MoJ reveals 15 closed courts remain unsold
The Ministry of Justice has yet to dispose of 15 closed courts from a previous reform programme – even as it prepares for another round of closures.
An announcement on the fate of 91 courts and tribunals across England and Wales is expected within weeks, as the government seeks to reduce costs and sell off underused sites.
But a parliamentary answer has revealed several sites shut down by a previous round of closures under the coalition government are still in limbo and are costing thousands of pounds to maintain.
Court buildings are still unsold in: Abergavenny, Alton, Bracknell, Cirencester, Coleford, Keighley, Knutsford, Liverpool, Lyndhurst, Oswestry, Pontefract, Stourbridge, Spalding, Totnes and Towcester.
In total, they are costing at least £40,000 a month to secure and maintain, with figures not available for three sites. The most expensive upkeep is the former Alton Magistrates' Court, which is costing almost £10,000 a month.
The MoJ said as of December 2015, 80 courts closed under the court estate reform programme have been sold attracting disposal receipts of £49.6m.
Its response added that the disposal of surplus property assets is dependent on a number of factors, such as the market, potential future use, location and the fact that some are occupied in part by the police and local authorities which also make disposal difficult.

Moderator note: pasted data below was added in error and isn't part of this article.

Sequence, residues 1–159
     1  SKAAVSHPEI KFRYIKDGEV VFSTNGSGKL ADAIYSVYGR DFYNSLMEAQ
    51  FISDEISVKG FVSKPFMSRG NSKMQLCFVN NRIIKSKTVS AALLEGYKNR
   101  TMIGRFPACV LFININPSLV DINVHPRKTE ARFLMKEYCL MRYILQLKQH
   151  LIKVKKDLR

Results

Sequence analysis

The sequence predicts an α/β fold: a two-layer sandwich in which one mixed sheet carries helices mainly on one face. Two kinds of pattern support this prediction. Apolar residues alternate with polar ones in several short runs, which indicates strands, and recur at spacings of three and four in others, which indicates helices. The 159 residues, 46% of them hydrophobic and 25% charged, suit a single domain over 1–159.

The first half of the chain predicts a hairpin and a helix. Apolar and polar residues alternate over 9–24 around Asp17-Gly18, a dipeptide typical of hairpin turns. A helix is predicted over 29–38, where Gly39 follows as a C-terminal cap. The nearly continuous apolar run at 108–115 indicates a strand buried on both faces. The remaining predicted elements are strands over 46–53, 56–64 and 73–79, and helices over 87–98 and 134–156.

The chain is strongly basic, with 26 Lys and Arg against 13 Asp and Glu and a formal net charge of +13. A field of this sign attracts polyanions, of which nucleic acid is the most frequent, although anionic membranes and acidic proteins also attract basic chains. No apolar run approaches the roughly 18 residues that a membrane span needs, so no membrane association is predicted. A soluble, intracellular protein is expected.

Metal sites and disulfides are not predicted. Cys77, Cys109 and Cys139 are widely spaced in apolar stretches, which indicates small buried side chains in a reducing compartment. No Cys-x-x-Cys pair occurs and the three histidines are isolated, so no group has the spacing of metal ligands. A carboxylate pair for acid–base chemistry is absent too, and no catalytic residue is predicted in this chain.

Nine of the closed court buildings which have not been disposed of are either under offer or on the market.
Of those which have not yet been brought to the market, two court buildings have shared locations with the police, which means the future of the building is tied in with the police station, one has a site contamination issue and the other three were closed only within the last seven months.
‘We are working on bringing all of them to the market as soon as possible,’ added the MoJ.
Shadow justice minister Andy Slaughter, who asked the original question, said: ‘The public will be dismayed to learn that the government are blowing nearly half-a-million pounds per year to keep several courts empty and mothballed. Michael Gove must ensure that he gets a grip on this ongoing waste of public money.’
The Law Society has been among the organisations urging the government to rethink its plans, and has said there is a case to save 59 courts across the country.